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    "How does the Homegrown stack up to a modern hardtail?"

    That era of Homegrown was/is an awesome frame. Made in USA (Yeti factory). Frames are 2.9 lbs bare and they were selling high end completes just over 20 lbs which is still incredibly light by today's standards. Great reputation for value and durability.
    Not a ton has changed since '98 with regard to hardtails. Some newer models have different front geometry to accommodate longer travel forks. Couple new sub-categories have been introduced over the years like DJ and All Mountain hardtails which are generally heavy/beefy frames with slack angles for huge forks. In the XC category, though, that old Homegrown is a pretty close match to anything available now other than rear disk mounts. Tires are available a helluva lot fatter these days. Take it to the shop and see how wide you can go with tires in that frame and that may be a nice and cheap upgrade to more of a softtail ride.

  9. #9
    burnedthetoast
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    I'd disagree a bit with "not a ton has changed since '98 with regard to hardtails." I think the changes in geometry (HTA, chainstay length, etc), the quality of suspension forks, wider bars, lighter wheels, higher-volume tires, and better drivetrain and brakes all add up to a rather different experience. Not to mention the advent of 29ers!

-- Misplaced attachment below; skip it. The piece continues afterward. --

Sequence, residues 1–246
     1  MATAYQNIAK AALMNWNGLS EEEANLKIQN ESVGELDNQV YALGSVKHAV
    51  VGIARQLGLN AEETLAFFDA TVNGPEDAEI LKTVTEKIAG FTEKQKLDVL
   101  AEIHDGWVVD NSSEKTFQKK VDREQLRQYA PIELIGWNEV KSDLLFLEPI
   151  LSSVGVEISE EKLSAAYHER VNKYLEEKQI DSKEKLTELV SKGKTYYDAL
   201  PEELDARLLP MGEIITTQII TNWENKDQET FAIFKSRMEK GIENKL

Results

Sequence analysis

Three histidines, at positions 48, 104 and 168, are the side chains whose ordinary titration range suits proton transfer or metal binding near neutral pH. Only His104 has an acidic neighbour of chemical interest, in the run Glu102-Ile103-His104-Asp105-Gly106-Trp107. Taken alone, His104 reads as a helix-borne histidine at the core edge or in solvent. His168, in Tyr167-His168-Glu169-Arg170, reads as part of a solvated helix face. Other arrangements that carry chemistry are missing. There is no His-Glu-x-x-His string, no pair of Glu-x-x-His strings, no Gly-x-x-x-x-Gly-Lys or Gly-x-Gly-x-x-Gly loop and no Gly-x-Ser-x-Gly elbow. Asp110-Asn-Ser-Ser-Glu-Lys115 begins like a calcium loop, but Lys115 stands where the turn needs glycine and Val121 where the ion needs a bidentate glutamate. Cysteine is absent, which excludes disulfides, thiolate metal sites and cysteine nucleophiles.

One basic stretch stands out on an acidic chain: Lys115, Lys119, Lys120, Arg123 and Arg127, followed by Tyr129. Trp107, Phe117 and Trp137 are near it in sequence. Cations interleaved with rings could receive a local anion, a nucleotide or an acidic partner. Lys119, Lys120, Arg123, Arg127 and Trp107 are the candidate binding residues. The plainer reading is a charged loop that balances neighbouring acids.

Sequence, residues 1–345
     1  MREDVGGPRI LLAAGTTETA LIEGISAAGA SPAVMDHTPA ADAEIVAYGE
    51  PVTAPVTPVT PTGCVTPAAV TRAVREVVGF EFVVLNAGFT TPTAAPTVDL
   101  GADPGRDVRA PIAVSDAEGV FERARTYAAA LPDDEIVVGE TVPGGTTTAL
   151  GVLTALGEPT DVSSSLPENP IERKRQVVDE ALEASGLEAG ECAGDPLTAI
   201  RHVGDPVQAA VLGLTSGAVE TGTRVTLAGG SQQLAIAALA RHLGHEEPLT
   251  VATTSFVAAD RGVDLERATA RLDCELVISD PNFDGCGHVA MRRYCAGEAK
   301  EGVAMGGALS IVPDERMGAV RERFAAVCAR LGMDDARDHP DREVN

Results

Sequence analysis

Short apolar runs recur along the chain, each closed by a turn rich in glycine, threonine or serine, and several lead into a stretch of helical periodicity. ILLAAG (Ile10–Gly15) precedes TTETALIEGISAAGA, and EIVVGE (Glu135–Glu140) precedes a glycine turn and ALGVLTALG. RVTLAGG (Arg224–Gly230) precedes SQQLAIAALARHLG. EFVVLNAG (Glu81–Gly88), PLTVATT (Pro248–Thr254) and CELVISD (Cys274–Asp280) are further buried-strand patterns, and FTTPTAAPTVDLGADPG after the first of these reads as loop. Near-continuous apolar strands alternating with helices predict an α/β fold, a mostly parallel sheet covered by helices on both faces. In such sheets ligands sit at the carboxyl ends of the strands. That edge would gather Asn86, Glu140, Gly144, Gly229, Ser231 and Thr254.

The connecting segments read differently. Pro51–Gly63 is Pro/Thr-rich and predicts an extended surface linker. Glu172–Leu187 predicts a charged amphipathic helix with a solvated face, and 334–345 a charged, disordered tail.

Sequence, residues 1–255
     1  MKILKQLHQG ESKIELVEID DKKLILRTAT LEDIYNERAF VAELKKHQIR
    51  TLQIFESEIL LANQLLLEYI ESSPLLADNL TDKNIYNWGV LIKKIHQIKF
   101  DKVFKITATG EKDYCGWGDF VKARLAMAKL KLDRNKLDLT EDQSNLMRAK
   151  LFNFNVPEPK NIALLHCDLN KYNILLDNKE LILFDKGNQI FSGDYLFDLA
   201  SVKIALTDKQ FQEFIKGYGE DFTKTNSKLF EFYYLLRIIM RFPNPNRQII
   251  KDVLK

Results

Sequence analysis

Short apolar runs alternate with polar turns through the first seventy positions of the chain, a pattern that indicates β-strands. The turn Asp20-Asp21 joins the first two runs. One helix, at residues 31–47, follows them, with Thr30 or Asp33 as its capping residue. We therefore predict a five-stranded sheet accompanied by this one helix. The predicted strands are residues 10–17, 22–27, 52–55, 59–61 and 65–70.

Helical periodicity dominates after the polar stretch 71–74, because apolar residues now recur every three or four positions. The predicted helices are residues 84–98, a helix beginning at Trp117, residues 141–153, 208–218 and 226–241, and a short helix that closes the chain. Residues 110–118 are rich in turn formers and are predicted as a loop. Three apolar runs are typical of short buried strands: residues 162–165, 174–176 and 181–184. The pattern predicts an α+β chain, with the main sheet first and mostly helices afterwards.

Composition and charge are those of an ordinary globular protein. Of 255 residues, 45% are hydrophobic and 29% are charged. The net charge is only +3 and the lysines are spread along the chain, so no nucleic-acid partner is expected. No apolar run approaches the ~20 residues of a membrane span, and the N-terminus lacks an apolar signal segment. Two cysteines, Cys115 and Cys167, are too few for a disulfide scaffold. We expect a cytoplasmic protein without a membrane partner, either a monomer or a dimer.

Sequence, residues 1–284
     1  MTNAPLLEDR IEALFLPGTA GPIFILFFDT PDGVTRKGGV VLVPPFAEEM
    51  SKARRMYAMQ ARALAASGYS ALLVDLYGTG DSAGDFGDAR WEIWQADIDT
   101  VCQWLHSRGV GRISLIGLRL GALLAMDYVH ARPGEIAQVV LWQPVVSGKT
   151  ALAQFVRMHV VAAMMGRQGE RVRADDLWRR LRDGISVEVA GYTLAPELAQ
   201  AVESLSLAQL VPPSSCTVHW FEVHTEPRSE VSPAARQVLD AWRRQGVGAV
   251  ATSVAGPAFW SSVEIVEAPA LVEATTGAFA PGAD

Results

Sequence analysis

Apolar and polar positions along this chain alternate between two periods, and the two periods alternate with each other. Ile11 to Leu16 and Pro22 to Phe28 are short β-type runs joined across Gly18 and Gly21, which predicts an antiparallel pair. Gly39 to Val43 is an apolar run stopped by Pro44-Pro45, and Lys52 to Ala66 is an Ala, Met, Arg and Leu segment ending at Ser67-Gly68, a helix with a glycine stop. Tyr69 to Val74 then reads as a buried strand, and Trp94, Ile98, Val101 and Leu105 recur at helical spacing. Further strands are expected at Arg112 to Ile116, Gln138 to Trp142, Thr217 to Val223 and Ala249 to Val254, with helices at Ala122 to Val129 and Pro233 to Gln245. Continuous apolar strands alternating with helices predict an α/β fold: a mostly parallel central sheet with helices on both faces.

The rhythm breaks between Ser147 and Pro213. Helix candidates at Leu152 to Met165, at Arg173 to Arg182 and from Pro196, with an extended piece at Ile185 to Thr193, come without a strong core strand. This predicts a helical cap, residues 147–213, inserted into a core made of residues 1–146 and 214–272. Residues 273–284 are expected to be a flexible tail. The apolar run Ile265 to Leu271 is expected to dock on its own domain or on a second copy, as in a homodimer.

If the question is, "can I still have fun on an old bike?" the answer is, of course, YES. But saying the older bike is kinda the same thing as a newer one is really not accurate IMO.
    Ride to Work, Work to Live, Live to Ride
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  10. #10
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    Quote Originally Posted by burnedthetoast View Post
    I'd disagree a bit with "not a ton has changed since '98 with regard to hardtails." I think the changes in geometry (HTA, chainstay length, etc), the quality of suspension forks, wider bars, lighter wheels, higher-volume tires, and better drivetrain and brakes all add up to a rather different experience. Not to mention the advent of 29ers!

    If the question is, "can I still have fun on an old bike?" the answer is, of course, YES. But saying the older bike is kinda the same thing as a newer one is really not accurate IMO.
    Speaking about the frame itself, hardly anything has changed. Chainstay length on a Homegrown is 16.7" which is on par with anything today. The only thing different today would be HTA designed for forks with more than 120mm fork which in '98 was probably the max this frame was designed for.
    Everything else is just bolt-on. Suspension forks have vastly improved, like night and day. Bar width, sweep, rise, etc. fashion trends change every year. Wheel weights - it was actually way easier to get super light wheels at a moderate price before disk brakes took over with the requisite heavier hub/rim changes that involved. Tire volume, drivetrain, etc. have all made incremental progress.
    I don't disagree with you, but aside from bolt-on goodies 26" hardtails just haven't changed much fundamentally at all in the last 15 yrs. No real reason to, I guess.

  11. #11